The human body is equipped with binocular vision. Two eyes catch one equal image, which merges into the visual cortex. If there is a lack of coordination and the images are different, this will cause discomfort: This system implies living with one picture at a time.
There are cases of monocular vision in nature. Chameleons and some fish and birds can move, rotate and focus each eye independently allowing to “see” (catch, interpret and act on) two objects, simultaneously. Their brain has the ability to handle both images that are not totally dissociated: one eye always has some knowledge of what the other is seeing and information is crossed and gathered, forcing a deliberation.
Video surveillance cameras, endoscopes or mobile phones are also human eyes, though monocular. They accumulate recorded and editable images and their functioning and usefulness still remains dependent on a cerebral interpretation. The image these eyes produce allows a succession of binocular and monocular visions that can operate as extensions of individuals from a group or society in general.
“Monocular vision” is a body with several eyes independent and able to merge / weight different images. Holder of one complex cortex, it proposes a way of looking at the world that takes advantage of the multiple points of perception available to build from disparity.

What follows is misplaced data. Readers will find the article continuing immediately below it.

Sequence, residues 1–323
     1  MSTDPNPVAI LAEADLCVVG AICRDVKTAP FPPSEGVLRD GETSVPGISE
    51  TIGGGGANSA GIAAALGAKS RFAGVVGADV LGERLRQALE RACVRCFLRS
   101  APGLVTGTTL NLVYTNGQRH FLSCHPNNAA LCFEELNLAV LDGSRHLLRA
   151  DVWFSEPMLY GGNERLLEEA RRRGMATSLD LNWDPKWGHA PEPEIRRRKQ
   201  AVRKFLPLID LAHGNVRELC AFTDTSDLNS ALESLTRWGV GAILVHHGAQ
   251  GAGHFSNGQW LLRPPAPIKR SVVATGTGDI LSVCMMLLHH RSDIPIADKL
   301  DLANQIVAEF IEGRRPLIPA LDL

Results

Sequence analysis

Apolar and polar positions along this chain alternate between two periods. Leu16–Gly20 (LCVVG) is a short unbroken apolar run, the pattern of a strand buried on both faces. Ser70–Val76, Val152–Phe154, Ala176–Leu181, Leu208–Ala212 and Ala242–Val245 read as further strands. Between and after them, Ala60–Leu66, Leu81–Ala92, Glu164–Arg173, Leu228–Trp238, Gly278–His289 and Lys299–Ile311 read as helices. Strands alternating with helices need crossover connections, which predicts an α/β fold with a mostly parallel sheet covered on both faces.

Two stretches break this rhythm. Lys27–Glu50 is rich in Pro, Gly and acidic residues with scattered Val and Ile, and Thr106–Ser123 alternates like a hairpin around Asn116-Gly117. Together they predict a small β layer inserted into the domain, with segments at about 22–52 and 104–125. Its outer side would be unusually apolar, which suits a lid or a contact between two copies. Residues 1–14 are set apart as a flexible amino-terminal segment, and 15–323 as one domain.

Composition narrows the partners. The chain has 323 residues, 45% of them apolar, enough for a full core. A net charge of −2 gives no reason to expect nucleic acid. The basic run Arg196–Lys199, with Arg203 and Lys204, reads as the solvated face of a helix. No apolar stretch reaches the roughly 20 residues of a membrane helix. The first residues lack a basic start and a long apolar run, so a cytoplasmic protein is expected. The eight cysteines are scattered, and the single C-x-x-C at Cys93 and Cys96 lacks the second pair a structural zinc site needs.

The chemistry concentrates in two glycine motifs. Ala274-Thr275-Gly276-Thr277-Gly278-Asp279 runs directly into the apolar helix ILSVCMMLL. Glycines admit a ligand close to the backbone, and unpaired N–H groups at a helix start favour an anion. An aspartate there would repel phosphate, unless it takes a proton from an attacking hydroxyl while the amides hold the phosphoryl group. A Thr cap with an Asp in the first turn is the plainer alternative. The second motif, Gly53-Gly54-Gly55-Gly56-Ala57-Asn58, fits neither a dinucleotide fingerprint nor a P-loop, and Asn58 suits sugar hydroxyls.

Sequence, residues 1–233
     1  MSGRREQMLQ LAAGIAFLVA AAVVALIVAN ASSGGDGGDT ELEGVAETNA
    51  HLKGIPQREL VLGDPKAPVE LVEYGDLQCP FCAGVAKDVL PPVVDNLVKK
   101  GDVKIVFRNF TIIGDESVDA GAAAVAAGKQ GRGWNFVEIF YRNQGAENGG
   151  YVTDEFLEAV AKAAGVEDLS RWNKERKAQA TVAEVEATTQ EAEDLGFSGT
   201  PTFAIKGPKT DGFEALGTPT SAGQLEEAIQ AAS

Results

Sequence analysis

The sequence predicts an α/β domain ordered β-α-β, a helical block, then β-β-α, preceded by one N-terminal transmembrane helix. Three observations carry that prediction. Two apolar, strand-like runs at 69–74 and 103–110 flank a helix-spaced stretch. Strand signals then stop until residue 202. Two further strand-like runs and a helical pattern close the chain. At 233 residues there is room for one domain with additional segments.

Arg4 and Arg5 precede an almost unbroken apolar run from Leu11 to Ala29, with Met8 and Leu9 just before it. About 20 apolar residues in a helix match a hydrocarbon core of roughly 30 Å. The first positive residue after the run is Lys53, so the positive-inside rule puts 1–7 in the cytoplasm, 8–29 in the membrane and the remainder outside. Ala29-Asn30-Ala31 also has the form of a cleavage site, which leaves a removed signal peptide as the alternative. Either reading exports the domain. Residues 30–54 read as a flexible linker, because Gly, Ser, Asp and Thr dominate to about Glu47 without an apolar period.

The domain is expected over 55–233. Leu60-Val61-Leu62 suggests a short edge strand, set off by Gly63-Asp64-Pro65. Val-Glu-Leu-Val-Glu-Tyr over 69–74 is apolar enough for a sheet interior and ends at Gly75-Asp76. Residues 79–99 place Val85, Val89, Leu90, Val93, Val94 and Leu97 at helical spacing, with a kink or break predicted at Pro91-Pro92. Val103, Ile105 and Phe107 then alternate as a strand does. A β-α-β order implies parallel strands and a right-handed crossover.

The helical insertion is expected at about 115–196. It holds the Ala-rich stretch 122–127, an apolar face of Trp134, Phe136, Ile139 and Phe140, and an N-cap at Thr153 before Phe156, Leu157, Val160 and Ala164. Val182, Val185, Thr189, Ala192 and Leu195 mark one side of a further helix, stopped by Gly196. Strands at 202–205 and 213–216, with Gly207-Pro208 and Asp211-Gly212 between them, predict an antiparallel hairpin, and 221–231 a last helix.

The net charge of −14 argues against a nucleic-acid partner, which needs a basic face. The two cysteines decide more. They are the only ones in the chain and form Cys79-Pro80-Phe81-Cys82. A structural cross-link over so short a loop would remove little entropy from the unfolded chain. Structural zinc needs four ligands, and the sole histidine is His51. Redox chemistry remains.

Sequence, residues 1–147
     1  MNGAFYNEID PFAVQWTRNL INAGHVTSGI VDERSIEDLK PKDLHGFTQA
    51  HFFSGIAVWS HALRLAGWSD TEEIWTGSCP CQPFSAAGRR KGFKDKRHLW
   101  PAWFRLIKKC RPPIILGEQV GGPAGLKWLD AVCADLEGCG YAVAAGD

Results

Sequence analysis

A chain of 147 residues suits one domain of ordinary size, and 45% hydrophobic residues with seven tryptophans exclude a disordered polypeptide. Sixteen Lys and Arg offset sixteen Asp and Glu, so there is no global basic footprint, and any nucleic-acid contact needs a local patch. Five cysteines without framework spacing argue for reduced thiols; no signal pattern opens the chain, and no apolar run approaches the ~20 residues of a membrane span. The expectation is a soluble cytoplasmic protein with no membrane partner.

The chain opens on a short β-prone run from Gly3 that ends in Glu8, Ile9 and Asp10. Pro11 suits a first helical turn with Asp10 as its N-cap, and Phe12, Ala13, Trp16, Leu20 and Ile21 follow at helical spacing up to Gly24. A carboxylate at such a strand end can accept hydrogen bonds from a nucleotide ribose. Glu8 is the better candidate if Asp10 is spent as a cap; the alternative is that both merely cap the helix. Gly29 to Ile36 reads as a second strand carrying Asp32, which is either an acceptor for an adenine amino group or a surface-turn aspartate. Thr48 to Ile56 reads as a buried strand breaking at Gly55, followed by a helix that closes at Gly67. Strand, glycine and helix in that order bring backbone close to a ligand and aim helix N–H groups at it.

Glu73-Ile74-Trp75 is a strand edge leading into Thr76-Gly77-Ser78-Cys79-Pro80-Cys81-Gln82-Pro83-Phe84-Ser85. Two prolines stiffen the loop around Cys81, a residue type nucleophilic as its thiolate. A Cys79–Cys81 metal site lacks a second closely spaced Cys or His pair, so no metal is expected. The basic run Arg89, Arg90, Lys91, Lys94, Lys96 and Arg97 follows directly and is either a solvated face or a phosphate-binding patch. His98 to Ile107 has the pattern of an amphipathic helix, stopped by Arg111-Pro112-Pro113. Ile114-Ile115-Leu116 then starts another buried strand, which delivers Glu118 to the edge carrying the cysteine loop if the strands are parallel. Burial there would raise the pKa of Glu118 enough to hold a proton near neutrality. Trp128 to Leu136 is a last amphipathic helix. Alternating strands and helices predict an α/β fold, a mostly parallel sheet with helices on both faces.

“Visão Monocular (Monocular Vision)”, was a solo show held at Atelier Concorde, in Lisbon, between May 31 and June 9, 2019.
The presentation of the video pieces “Gogol is better than Google” (2017), “Naked Persimmon” (2018) and “Mitad y mitad” (2019) occupied not only the Project Room but also two of the Atelier’s common spaces - Kitchen and Corridor (provisionally transformed into a small room). Thus, three proposals were created, three different devices, three external and poetic realities integrated into functional spaces of daily use.
Gogol is better than Google
HD video, 8’ 32’’, 2017
HD video, 38’ 15’’, 2018
Mitad y mitad
HD video, 14’ 13’’, 2019